By the 1870s St Ann’s Road had been extended west wards to meet Lowther Road and the footpath across the clough to St Mary’s Church. Beyond Dingle Bank, six plots had been laid out on the north side of St Ann’s Road but only three had been developed including Winnats Knoll, Brookland and a pair of semi-detached houses - Glenside and Glenholme.

On the south side of St Ann's Road the land between Hamilton Road and Lowther Road had been divided into five plots, one of which remained vacant.

Prestwich Park prior to 1890

The South and West sides of the field shown on the 1891 map, and in the above photo, were developed in the 1890’s (no 38 Prestwich Park Road South is dated 1896 on its side elevation), with houses in a uniform, but highly attractive style. No’s 14 to 42 Prestwich Park Road South are 3 storeys high with black and white decorative timber, jettied bays forming the top floor above projecting bay windows.

The houses are built of brick, with stone sills and some corbels supporting tall sash windows. The entrance doors have a stained glass framed by similar panels behind a long timber canopy with a tiled roof. The decorative timber work on the front elevations was painted black and white from the outset.

One of the post 1890 houses

Along Bury New road itself four properties, two of them semi-detached, had also been constructed, Hornby Lodge (still standing), Addiscombe, Parkfield, Hopelands which stood on the corner of St Ann's Rd, and The Tower which was later known as cliffe Grange School.

Family legend has it that the Bell on duty at my mum's front door was a school bell, and I recently found out that the school in question was run by my Gran's niece, Marjorie Cop (daughter of Elorrie).

School Bell

She originally ran a school called cliffe Grange, which stood just up from the House that Jack built in Higher Broughton, overlooking the Irwell in the valley below. The bulding in Higher Broughton had originally been called Cliff House back in 19th century. The school moved to a large house known as "The Tower" on Bury New Road in Prestwich. The original Cliffe Grange was demolished and replaced by about 30 houses on what is now Cliff Crescent, sometime before 1915.

Cliffe Grange, Broughton

The Tower property up in Prestwich had previously been home to William Wright and his family, cotton spinner, bleacher and dyer and manufacturer, and had employed 1000 hands according to the censuses of 1871 & 1881. In Partnership as Turner Wright & Sons, he ran Kingston Mills, Cobden street and Trafford Mill, Orchard street, both by the canal in Pendleton (totalling 72,000 spindles).

Kingston Mills, present day

He had been born to James Wright, Gentleman of Saddleworth, but he had married a woman from Salford and they had at least 5 children while living at Irwell Terrace in Lower Broughton in the 1850's. Although you may think Irwell Terrace may have been a big step away from Cliffe Grange, the family still had 4 servants in the household. William died in 1889 and is buried at the nearby St Mary's churchyard.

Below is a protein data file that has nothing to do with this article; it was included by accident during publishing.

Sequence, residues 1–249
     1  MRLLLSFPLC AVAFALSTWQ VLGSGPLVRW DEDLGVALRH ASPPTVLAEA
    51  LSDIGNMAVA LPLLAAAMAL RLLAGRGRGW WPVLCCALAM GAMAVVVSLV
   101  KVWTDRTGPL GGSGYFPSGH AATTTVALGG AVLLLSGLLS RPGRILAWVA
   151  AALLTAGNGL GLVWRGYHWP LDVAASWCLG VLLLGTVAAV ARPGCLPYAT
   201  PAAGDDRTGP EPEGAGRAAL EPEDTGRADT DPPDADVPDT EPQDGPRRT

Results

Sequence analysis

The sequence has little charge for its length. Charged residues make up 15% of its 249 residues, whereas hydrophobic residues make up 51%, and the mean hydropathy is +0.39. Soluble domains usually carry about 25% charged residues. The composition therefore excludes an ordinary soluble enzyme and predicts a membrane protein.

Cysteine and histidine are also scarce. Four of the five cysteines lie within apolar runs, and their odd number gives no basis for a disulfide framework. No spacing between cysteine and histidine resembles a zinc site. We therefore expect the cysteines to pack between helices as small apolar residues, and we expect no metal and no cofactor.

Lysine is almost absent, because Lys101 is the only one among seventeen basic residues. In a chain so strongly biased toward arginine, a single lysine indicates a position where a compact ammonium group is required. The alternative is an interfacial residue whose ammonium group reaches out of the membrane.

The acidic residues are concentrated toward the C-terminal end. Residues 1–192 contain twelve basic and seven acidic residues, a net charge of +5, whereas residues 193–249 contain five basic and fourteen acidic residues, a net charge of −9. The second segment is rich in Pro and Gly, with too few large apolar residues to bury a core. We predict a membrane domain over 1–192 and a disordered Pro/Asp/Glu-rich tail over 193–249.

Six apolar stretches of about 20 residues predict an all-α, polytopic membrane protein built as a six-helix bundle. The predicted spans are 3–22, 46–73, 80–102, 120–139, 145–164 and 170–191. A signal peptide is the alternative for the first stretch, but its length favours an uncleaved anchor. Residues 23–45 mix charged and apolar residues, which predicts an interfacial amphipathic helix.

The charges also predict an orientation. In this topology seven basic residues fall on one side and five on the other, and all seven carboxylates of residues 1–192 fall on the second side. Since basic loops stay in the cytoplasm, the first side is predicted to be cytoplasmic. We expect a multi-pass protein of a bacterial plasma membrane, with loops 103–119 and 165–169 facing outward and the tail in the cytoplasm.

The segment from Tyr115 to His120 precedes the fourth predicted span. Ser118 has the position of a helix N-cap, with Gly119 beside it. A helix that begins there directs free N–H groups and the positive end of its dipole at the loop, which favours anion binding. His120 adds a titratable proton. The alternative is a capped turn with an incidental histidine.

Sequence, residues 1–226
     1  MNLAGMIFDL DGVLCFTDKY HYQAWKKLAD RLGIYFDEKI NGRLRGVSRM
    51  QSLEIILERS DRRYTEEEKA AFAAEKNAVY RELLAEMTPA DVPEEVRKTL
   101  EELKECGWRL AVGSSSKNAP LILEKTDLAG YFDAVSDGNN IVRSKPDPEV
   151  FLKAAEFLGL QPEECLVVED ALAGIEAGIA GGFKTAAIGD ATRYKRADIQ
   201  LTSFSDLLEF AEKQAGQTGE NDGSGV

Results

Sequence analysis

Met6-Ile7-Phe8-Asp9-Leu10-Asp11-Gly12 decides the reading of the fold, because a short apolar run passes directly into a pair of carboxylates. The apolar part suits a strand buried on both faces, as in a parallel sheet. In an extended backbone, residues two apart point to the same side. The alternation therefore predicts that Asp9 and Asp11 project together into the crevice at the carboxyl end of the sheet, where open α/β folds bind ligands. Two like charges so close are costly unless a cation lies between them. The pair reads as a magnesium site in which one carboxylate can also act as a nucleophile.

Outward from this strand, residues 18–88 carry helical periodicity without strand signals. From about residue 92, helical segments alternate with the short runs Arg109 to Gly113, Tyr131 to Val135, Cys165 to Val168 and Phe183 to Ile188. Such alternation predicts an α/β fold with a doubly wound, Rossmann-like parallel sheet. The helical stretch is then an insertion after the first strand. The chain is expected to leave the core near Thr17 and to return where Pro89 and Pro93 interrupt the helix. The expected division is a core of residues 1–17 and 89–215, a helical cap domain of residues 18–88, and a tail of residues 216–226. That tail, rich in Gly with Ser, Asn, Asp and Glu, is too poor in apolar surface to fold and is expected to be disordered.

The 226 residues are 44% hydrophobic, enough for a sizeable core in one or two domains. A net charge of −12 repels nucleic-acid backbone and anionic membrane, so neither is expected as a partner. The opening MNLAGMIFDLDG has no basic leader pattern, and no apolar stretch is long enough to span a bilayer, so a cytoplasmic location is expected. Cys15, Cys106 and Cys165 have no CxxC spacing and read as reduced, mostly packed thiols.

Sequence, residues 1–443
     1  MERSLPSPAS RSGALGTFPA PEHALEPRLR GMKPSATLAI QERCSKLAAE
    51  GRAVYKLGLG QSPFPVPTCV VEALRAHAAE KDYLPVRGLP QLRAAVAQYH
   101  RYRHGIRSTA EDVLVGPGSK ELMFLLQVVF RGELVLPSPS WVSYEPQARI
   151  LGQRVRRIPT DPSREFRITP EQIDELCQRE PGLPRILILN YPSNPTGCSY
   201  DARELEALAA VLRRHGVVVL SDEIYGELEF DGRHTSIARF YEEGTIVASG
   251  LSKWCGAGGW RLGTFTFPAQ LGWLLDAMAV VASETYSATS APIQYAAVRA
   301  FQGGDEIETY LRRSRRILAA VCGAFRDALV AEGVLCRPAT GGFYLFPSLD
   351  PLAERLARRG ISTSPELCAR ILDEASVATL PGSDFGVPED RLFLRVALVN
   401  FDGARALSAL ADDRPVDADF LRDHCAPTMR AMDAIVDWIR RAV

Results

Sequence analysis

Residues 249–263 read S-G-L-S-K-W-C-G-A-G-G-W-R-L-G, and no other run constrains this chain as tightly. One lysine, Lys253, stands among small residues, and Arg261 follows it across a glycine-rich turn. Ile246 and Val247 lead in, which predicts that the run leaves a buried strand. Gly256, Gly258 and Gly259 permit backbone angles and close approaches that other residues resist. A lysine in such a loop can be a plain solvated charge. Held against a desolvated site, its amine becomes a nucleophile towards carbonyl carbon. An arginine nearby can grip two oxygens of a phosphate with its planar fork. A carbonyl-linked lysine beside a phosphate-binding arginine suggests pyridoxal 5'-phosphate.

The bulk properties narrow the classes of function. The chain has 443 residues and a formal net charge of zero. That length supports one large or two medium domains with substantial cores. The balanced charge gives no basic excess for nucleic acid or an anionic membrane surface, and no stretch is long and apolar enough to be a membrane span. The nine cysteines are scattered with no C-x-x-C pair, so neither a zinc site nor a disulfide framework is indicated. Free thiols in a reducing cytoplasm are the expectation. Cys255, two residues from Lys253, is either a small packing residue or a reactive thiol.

Wright family tomb

The Tower/Cliffe Grange, had a big porch to the front with stained glass in it, and a large back garden, in which they kept turkeys, and let their two dogs run around (Peko the pekingese and Lara the Red Setter - who apparently slavered everywhere !)

cliffe Grange

My Granddad used his skills as a pattern maker at Mather & Platt to do repairs at the school (Which is probably how he came to posses the bell). In return for his skills, they offered the use of their car, which apparently he never used. My granddad never had a car, and used to walk everywhere from his house on Sandy Lane, Prestwich.

[Sir William Mather lived at Woodhill in Prestwich.]

One of the teachers at cliffe Grange in Prestwich, was called Mamselle, and was thought to be from Cyprus. Mamselle continued to live in the house after the school closed, and Marjorie married a Prestwich councillor called McVittie, who later became Mayor of Prestwich. After his death, Marjorie also went on to be Mayor of Prestwich, and she was last seen being driven into St Mary's park in the Mayoral limmo...though I'm sure she must have come back out of the park again :-)

[Margorie was not the first female Mayor we had in Prestwich, that was Vera Dickinson a local lass, who served 1953-54, and died in 2010 aged 95]

Cliffe Grange, Prestwich

The school house is now covered by the flats that are named Belroy Court, with Belvedere court standing on the garden behind.

Belroy Court, Present day

Also in the modern era, Nico friend of Andy Warhol and Jim Morrison, sang vocals on the Velvet Underground's debut album, and... used to live in the top flat of 22 Prestwich Park Rd South.

Listen here: Sunday Morning Spotify

or watch BBC's Inside out at Prestwich Park Rd. South